The Oculus Quest is what Windows Mixed Reality should have been

Oculus Quest
Oculus Quest (Image credit: Windows Central)

A couple of weeks ago, I purchased myself an Oculus Quest headset. I love VR and was super excited about Windows Mixed Reality (WMR) when that was a venture Microsoft started diving into. Over time, however, I found that I didn't like being tethered to use my VR headset. I wanted to be able to put on my VR headset no matter where I was in the house, but that's just not possible when it's tethered to an external computer.

This is why I love the HoloLens so much, because it's an all-in-one headset that has the computer built-in. You can put it on and use it anywhere with no cables required, and it's just so freeing. Unfortunately, the same hasn't happened with Windows Mixed Reality headsets. If I want to use a Windows Mixed Reality headset, I have to use a head-mounted display (HMD) that's plugged into a PC, and that kind of sucks.

The Oculus Quest that I got a couple of weeks ago solves this problem. I'm able to put it on and use it anywhere I like, because all the computing guts are inside the headset itself, just like HoloLens. You put it on, and in just a few seconds, you're booted into the Oculus OS that has its own platform for VR games and applications, and they're just a few clicks away. It takes about 20 seconds from putting on the headset to being inside a VR game or app, and it's effortless.

Compare that to using a Windows Mixed Reality headset, which requires you to plug in the device first and foremost, wait for the controllers to pair to the computer, and then putting on the headset to launch the game or app you want. It's a much more tedious and prolonged process that frankly discourages you from wanting to use it. It's the number one reason I stopped getting my WMR headset out because I couldn't be bothered to set it all up every time.

Quest makes VR so easy

Oculus Quest

Source: Windows Central (Image credit: Source: Windows Central)

Oculus Quest turns VR into something so easy. Frankly, I love it. I've been using VR way more these last two weeks than I have done with any WMR headset I've obtained. That includes using WMR with Steam because it's just so easy to boot up and get going. All the sensors are built into the device, too, and since it's powered by a Snapdragon processor, it's always just a button tap away from being on and ready to go.

The only real downside to the Oculus Quest is that its platform, while relatively strong, isn't amazing (yet). It's early days, and I'm sure it will improve, but I can't help but wonder what this market would look like had Microsoft decided to go the same route with Windows Mixed Reality. Imagine a Windows 10 powered all-in-one VR headset, running on ARM, that supported WMR apps as well as traditional Windows desktop apps.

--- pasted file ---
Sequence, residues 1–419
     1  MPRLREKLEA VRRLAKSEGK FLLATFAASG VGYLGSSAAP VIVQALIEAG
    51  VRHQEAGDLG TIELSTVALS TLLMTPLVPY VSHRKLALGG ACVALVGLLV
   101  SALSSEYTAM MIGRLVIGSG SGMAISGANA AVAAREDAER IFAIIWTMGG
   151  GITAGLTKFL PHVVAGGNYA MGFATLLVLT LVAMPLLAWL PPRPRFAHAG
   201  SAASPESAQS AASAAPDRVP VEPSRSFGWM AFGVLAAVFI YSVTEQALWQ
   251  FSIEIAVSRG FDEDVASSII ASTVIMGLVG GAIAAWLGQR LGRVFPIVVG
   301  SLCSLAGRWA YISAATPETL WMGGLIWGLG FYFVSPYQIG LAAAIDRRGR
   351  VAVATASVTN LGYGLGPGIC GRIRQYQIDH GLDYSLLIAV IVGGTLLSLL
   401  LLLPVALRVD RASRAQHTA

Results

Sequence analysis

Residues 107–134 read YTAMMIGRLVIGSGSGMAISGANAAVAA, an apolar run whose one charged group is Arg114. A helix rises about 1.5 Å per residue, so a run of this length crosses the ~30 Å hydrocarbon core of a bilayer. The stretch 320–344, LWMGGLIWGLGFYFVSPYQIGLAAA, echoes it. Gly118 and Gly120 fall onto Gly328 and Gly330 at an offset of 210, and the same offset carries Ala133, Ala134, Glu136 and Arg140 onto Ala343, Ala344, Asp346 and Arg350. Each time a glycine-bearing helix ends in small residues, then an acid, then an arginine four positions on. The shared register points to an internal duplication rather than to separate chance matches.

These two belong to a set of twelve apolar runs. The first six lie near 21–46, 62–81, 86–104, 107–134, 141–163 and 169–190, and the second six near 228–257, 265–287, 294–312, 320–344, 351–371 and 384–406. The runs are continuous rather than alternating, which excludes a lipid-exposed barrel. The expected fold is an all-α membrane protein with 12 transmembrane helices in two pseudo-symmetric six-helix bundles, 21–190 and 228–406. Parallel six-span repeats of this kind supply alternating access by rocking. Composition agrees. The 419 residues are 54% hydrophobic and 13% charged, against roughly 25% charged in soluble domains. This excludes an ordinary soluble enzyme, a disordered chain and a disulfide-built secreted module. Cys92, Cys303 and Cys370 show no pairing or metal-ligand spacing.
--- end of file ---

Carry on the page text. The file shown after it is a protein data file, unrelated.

What I'm essentially asking for here is a HoloLens that uses virtual reality instead of augmented reality. Oculus Quest is $400, which is incredibly affordable compared to the HoloLens. An Oculus Quest type device powered by Windows 10 would be an instant buy for me, and it's just a shame Microsoft never went down this path with VR.

VR platforms are up and coming

HP Reverb WMR

Source: Windows Central (Image credit: Source: Windows Central)

The biggest hurdle for Microsoft creating its own VR platform like the Oculus Quest would be developer support. It would need VR game and app developers to support the platform with their own creations. If Microsoft were willing, I think they could have gotten that support. Heck, since it's Windows, perhaps even Steam VR games would eventually be supported. But Microsoft has seemingly given up on its VR plans inside Windows and is focused more so on HoloLens these days.

The Oculus Quest is a headset that has changed my viewpoint on VR. I used to think it was a cool idea that was too cumbersome that it would never catch on, but now it's so easy to get involved that I don't see how the Quest won't be a successful VR platform in years to come. Microsoft could have been first to this market, but seemingly decided to bow out before things even started to heat up. Now that Oculus has a foot in the door with its VR platform, Microsoft probably won't be able to play catch up.

I don't know what Microsoft's plans are for Windows Mixed Reality going forward. I suspect it'll remain as an option for gamers looking for a cheap VR headset that just want to use it for Steam VR. I don't expect the VR Windows Mixed Reality platform itself ever to take off, though. It won't with the way Microsoft is currently going about it, anyway.

Zac Bowden
Senior Editor

Zac Bowden is a Senior Editor at Windows Central. Bringing you exclusive coverage into the world of Windows on PCs, tablets, phones, and more. Also an avid collector of rare Microsoft prototype devices! Keep in touch on Twitter and Threads